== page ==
The hospital has been closed since all patients and staff were moved to safety two days before Harvey made landfall. Although it is equipped with flood gates designed to withstand three feet of water, East Houston Regional Medical Center took nearly six feet of water during the storm.

The hospital is located in a low lying area, and prior to Harvey, was severely damaged by flood waters in 2001 by Tropical Storm Allison as well as by Hurricane Ike in 2008. We considered potential options to continue to treat patients at the facility; however, given this history and the likelihood of future flooding problems, we determined that the most prudent course is to close the facility. We have a long history of caring for the East Harris County community, and through nearby Bayshore Medical Center and Clear Lake Regional Medical Center, we will continue to do so.

Physicians credentialed at East Houston Regional Medical Center have privileges to practice medicine at Bayshore Medical Center, and we will continue to assist those physicians interested in practicing medicine there and seeing their patients at the facility.

For over 40 years, HCA has been treating patients at East Houston Regional Medical Center. Though the facility has been damaged in the past, we have rebuilt many times. We’ve endured three floods since 2000. Our team looked at every potential option for continuing to treat patients at the facility. In the interest of safety, we have determined there was no way to continue operations at this current site. It’s just not the safest way forward for our patients or our employees. We remain committed to the East Harris County community, though. Patients may still seek care at our Bayshore Medical Center and Clear Lake Regional Medical Center facilities, both of which are close by.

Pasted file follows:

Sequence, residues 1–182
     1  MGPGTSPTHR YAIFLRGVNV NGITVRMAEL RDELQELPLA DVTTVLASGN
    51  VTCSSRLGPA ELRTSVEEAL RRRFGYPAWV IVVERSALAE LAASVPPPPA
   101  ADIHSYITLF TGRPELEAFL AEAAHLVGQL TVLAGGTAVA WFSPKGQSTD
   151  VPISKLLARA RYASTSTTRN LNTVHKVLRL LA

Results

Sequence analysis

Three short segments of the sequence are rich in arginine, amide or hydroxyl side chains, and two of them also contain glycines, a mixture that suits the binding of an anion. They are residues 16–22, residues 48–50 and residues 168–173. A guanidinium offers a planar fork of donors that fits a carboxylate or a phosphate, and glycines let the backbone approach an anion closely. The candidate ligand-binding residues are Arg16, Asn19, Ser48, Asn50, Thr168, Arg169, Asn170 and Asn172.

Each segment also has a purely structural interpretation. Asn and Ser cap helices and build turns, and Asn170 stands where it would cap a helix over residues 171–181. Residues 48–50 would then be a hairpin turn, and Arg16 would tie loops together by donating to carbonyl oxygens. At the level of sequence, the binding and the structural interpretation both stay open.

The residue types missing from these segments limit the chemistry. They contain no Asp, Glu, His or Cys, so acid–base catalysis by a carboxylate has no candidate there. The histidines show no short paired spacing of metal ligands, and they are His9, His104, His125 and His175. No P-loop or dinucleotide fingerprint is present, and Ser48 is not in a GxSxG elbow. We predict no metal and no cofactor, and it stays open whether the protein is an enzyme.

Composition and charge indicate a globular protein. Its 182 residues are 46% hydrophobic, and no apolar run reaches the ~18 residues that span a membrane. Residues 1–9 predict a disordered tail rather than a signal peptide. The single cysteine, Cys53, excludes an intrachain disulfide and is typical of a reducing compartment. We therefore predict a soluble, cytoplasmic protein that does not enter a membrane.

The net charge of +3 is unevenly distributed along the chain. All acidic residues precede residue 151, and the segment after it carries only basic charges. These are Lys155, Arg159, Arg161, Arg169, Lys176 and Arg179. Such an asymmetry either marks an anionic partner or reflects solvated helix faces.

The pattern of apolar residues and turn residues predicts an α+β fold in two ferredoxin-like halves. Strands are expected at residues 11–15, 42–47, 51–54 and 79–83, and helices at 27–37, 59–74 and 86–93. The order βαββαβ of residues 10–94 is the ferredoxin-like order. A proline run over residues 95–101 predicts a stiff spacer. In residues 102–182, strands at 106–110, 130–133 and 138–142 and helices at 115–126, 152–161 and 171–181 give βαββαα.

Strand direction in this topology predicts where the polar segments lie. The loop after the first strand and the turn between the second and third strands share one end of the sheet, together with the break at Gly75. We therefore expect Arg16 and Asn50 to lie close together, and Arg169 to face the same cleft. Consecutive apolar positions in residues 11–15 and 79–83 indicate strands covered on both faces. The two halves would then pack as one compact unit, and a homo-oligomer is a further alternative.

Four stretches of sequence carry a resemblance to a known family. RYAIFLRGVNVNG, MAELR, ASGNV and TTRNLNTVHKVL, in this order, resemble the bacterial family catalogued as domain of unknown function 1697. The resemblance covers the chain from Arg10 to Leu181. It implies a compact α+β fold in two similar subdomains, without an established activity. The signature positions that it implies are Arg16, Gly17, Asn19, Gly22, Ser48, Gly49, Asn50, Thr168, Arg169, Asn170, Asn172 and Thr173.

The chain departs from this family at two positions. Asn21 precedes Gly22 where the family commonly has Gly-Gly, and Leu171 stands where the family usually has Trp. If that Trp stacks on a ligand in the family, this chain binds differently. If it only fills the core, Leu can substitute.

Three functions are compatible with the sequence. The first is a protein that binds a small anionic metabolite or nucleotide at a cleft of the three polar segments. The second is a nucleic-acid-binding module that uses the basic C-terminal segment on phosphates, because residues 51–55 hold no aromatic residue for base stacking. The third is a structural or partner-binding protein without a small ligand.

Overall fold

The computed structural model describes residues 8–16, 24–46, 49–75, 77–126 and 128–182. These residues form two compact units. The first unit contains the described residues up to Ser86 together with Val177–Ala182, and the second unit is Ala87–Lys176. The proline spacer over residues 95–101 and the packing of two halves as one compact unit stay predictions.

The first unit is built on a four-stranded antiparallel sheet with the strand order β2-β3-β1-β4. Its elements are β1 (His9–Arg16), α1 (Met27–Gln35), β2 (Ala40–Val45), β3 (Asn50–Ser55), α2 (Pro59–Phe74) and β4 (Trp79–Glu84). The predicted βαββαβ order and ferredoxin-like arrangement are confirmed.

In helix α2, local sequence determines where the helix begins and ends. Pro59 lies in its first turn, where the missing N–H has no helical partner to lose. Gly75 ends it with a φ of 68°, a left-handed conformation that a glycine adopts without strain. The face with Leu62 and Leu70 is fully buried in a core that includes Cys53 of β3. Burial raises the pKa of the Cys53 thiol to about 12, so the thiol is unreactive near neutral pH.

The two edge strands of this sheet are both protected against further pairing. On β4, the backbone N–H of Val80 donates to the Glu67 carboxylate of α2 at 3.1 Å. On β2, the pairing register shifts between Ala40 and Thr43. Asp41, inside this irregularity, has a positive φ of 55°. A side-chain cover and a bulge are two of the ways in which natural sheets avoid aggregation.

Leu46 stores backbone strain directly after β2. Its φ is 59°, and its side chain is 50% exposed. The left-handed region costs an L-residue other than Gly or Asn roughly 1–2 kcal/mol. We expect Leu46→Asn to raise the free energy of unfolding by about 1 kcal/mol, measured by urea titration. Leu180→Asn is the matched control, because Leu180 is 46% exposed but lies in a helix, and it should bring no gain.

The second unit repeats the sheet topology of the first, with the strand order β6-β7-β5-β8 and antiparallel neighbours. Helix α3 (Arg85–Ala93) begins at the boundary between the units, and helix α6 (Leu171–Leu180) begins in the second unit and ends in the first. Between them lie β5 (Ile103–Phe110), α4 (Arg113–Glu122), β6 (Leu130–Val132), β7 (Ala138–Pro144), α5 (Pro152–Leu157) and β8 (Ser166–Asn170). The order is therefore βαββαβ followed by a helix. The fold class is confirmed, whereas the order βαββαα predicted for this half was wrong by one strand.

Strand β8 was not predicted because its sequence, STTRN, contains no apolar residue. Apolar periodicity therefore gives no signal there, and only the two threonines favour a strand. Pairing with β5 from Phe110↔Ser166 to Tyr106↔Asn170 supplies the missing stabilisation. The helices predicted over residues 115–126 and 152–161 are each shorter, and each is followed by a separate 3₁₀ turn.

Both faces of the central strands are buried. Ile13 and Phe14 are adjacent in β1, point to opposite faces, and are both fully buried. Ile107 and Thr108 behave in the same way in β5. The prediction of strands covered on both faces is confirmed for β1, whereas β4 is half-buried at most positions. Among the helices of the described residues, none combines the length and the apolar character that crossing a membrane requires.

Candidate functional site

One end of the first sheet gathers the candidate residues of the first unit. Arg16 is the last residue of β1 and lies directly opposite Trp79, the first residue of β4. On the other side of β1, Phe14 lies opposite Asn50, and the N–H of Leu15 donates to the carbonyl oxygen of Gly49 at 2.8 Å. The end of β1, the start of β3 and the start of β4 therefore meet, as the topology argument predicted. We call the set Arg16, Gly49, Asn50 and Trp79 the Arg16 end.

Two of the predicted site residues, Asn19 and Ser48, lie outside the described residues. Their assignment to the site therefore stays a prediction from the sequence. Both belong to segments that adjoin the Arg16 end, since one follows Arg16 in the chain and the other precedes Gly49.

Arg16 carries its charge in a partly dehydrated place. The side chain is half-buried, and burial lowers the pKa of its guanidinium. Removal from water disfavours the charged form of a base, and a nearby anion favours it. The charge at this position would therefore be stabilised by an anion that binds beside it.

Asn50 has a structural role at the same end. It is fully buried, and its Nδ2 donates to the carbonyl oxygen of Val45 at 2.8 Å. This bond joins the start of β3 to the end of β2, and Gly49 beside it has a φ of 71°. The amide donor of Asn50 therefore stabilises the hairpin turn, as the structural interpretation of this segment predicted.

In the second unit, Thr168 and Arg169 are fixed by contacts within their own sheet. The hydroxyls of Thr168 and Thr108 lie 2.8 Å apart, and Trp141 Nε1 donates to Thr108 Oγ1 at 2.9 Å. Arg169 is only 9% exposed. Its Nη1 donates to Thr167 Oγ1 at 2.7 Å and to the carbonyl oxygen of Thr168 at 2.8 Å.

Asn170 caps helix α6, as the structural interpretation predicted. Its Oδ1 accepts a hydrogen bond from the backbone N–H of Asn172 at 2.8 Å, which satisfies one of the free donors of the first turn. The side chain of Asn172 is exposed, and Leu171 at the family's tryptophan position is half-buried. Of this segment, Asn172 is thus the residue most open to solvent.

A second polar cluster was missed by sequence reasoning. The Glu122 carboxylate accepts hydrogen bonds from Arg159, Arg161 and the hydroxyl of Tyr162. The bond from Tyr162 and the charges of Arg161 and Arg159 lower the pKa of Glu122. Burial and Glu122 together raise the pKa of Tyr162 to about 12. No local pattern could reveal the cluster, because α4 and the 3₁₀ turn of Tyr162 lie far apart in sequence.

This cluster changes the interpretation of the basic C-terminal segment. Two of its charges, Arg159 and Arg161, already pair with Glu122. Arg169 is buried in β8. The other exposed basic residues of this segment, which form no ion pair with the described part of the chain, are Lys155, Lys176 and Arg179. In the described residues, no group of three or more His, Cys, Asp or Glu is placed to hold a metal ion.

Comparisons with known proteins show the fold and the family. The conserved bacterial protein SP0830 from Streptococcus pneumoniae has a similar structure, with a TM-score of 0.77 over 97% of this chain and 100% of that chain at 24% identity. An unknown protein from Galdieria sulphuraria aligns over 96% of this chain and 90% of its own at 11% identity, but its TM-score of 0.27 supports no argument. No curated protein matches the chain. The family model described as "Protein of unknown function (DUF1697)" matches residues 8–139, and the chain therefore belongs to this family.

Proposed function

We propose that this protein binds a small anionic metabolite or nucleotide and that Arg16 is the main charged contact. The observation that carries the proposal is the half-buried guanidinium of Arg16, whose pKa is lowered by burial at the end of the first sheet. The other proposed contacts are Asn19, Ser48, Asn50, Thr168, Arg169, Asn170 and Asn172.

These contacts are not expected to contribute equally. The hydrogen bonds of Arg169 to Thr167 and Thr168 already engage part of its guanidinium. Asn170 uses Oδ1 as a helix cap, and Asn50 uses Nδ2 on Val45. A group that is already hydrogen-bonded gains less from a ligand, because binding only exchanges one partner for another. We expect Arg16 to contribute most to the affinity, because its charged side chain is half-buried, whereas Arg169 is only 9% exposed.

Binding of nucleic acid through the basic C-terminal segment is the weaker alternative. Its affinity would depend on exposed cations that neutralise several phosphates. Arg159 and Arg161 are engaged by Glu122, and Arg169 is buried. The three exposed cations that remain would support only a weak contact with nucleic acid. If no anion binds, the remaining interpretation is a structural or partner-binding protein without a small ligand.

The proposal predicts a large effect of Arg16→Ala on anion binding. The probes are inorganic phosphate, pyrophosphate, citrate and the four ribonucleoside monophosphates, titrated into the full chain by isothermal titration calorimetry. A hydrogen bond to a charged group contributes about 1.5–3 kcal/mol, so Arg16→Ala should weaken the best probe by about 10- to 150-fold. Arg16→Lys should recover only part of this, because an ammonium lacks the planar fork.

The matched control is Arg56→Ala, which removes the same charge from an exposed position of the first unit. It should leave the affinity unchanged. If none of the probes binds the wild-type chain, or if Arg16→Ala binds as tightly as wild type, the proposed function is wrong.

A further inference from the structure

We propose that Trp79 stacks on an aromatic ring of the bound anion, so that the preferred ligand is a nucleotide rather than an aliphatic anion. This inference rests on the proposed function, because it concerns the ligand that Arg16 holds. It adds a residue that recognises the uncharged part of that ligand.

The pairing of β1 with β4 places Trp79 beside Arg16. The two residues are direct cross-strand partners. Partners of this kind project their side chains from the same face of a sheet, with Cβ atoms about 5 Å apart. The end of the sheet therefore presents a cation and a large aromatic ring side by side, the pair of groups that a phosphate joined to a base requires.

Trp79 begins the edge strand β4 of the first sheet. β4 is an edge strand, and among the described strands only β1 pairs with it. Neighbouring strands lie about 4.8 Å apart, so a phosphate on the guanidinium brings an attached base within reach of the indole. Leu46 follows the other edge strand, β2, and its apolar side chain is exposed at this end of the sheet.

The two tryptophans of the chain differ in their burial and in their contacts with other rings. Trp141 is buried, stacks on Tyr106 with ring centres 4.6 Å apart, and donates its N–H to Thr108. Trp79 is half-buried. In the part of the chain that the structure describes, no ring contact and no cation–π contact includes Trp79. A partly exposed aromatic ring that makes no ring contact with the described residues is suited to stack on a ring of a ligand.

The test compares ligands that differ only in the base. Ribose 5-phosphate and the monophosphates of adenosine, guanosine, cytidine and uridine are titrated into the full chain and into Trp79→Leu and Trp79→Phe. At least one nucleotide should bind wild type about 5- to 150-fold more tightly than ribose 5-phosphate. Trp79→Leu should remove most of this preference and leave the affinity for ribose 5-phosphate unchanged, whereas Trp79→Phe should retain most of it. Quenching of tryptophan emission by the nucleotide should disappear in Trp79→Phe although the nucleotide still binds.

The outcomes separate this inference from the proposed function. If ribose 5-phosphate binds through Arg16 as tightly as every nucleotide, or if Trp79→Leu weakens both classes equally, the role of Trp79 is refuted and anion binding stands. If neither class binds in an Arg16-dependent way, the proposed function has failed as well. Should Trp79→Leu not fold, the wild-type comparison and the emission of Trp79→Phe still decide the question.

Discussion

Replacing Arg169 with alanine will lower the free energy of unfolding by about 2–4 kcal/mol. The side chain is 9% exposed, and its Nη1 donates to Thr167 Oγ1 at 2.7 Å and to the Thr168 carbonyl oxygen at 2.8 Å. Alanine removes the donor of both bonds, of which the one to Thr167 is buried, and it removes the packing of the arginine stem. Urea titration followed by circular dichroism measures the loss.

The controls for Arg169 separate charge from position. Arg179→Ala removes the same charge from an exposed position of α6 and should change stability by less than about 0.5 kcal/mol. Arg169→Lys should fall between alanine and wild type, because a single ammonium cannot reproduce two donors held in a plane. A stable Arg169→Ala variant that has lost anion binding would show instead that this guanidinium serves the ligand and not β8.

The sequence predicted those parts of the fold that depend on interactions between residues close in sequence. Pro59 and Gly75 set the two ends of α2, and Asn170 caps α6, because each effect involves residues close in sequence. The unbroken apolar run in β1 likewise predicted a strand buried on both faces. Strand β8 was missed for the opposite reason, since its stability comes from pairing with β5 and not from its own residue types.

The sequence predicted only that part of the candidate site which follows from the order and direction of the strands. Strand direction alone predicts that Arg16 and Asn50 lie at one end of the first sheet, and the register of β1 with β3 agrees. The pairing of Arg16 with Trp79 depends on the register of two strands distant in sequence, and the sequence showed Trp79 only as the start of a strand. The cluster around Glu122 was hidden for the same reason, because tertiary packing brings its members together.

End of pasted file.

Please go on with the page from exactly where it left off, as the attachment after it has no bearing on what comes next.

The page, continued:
In addition, management and human resources teams are working closely with East Houston Regional Medical Center employees to identify career opportunities in one of the 16 facilities within the HCA Healthcare Gulf Coast Division and throughout HCA.

HCA Healthcare Gulf Coast Division will work with a local realty firm to determine the future of the East Houston Regional Medical Center property.

It was a difficult decision not to reopen East Houston Regional Medical Center, but one we are confident best serves our patient population. HCA Healthcare Gulf Coast Division remains firmly committed to the East Houston community and Bayshore Medical Center’s essential role as a community hospital serving East Houston and surrounding communities.

EPA orders removal of Waste Pits

WASHINGTON, DC – Executive Director Scott Pruitt today announced the final decision on the disposition of the toxic waste dumps in the San Jacinto River, near the I-10 bridge.

In a press release dated Wednesday, Oct. 11 the EPA said they had issued a final “Record of Decision” based on the best interests of nearby residents, local businesses, and downstream resources including the Galveston Bay estuary.

The plan for complete removal of the waste material has been modified to provide cofferdams around the excavation of dry material, instead of wet material in the original plan. The cost is now estimated at $115 million instead of the previous $97 million.

The proposal includes both the Northern and the Southern impoundment areas. 212,000 cubic yards of dioxin contaminated material will be removed from the sites for proper disposal.

Local environmentalists and officials praised the decision of the EPA, including Jackie Young of THEA and the San Jacinto River Coalition. Young has led the fight for removal of the pits for a number of years, prompted by serious health problems she attributes to pollution from the waste pits.

Others who issued statements in favor of the decision included Harris County Attorneys Vince Ryan and Terry O’Rourke, Congreeman Gene Green, and Precinct 2 Commissioner Jack Morman.

Jackie Young told the Star that she was pleased with the decision, but would continue to be engaged in the issue, and be a “watchdog” over the removal project.

One opponent to the decision, the “KeepItCapped” group, issued the following statement:

Statement From McGinnes Industrial Maintenance Corp. (MIMC) Regarding the U.S. EPA’s Record of Decision